Right to the meat of it then shall we. Loki and Iago shall be the subjects of our compare/contrast lite that is this blog post to become. Loki, trickster god and starting gun to the end of the world, and Iago, the mastermind of the web of deceit which ultimately kills Othello. Loki seeks for his own vanity and self-serving motivations while never truly earning anything from it but more reasons to spite the world around him. He conspires to spite Baldr when he goes to learn how to harm him. Then after successfully getting the mistletoe, his focus falls on those who’s attention was denied to him and spites them by having Baldr killed and ,supposedly, refusing to grieve for his loss in the form of a cave troll. Iago is also slighted but it is a lack of a promotion rather than generally good attention of mirth which Loki desired. Iago goes to scheme, manipulate, and generally make worse the lives of everyone else in the play. He , unlike Loki, is found out but as opposed to Loki, who is punished for his transgressions, is promoted to Othello’s position while Othello is sent of for execution for murdering his wife. Iago also murders his wife, who is also the one revealed his machinations, but nothing is done about it most likely to the need for a higher ranked officer at the battle of Cyprus. Loki’s motivations up until the end were more for his own amusement and need for attention while Iago was just dark and kept getting darker all the way through.
When reading the first three acts of Othello, I immediately thought of King Arthur. To start off, both of their stories do not really contain them. In Othello, the play usually contains characters other than Othello, but have to do with him. Much like in King Arthur’s story where he is barely even in it. Another similarity is that they both go to other characters to make strong decisions. In Othello’s case when Iago tells him about Desdemona possibly cheating, Othello cannot get the idea out of his head and wants it proven. In King Arthur, he asks for Lancelot’s opinion when he was the one who had the affair with his wife. Lastly, they are both known for being great warriors and leaders. The Duke in Othello specifically asks that Othello goes to Cyprus to protect it. For King Arthur, many people have asked for King Arthur’s help, such as in Culhwch and Olwen. In both of these stories, it highlights chivalry. Othello is known for being a great leader, but also being a good friend and husband. Just as King Arthur was known for being a good knight and king. Comparing these two characters highlights the theme of being chivalrous.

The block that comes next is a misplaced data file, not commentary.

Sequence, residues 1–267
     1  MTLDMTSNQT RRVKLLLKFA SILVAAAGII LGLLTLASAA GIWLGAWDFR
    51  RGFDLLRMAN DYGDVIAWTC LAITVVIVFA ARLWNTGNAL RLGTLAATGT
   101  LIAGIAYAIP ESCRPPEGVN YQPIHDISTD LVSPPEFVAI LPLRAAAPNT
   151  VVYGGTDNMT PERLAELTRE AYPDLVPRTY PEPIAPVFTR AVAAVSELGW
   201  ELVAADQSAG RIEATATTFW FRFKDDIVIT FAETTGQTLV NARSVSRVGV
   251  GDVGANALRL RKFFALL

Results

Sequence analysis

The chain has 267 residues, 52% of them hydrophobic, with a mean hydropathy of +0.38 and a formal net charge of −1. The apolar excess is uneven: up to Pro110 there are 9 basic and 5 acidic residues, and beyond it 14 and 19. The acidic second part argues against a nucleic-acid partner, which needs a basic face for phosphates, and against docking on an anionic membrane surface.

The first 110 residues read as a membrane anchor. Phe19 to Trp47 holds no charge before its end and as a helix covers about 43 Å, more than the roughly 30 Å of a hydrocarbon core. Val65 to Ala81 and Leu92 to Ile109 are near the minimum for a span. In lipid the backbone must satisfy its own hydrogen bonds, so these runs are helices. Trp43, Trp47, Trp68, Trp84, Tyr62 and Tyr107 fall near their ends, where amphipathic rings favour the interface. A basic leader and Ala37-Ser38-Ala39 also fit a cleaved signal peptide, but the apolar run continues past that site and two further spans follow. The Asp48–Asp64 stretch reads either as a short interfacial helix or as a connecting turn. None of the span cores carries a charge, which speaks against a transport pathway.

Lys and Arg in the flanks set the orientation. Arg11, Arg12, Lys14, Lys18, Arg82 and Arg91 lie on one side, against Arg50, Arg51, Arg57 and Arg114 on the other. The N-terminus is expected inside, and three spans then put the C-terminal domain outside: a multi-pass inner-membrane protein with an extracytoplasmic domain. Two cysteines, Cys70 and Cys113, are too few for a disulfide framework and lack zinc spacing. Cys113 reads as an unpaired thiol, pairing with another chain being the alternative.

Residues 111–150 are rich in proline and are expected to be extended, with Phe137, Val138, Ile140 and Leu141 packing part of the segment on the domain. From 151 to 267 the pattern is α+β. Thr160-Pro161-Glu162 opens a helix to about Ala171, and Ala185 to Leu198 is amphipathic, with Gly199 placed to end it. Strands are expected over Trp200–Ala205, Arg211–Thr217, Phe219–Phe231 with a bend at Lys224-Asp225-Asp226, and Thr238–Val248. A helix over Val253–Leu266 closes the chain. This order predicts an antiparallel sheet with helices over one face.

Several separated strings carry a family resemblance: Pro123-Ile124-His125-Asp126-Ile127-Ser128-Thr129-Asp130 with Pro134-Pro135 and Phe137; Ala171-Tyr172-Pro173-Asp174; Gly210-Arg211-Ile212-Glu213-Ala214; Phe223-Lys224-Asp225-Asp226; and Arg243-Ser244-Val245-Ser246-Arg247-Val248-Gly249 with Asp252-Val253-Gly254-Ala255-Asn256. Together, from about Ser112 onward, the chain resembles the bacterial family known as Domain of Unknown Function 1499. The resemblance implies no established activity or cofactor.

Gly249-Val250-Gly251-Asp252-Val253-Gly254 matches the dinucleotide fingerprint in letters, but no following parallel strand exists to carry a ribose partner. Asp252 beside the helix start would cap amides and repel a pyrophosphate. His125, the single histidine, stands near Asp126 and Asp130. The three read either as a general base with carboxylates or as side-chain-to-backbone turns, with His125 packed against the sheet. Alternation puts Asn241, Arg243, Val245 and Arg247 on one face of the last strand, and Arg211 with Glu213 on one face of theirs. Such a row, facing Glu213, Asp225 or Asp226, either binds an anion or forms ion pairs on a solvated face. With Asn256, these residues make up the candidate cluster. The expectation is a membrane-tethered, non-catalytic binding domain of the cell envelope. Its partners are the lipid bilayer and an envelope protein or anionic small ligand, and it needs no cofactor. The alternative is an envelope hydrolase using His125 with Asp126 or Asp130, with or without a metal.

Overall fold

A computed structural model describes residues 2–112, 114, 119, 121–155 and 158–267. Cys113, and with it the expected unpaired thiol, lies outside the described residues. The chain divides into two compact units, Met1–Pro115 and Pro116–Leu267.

In some ways, Othello and Arthur deal with some of the same problems. One of the more obvious problems is the idea of a cheating wife. Although Desdemona is not really cheating on Othello, he believes that she is and perception is reality. Othello’s relationship with Desdemona is based on love and dedication. Desdemona leaves against her father’s wishes because she loves Othello and wants to follow him. When he is led to believe that Desdemona has taken another bed, he goes crazy with jealousy and rage. These emotions are all derived from passion. Othello is a man driven by passion. On the other hand, Arthur is also confronted with the rumor that his wife has cheated. He also reacts in a way that causes many problems, but for different reasons. I am not inclined to believe that Arthur is in love with queen Guinevere. She seems more like a possession. When Arthur is given the news, he does not get as passionately angry as Othello. In fact, at first he seems reluctant to react at all because his loyalty more so lies with his men. He does not wish to start a war with someone who has saved his life so many times before. However, his honor is also at stake. Sleeping with the King’s wife is disrespectful and treason. Arthur is driven more so by his own reputation and the expectation of loyalty from his men more so than by passion or love for his wife. This shows that Othello and Arthur, although put in similar situations, are driven by different values, beliefs, and desires.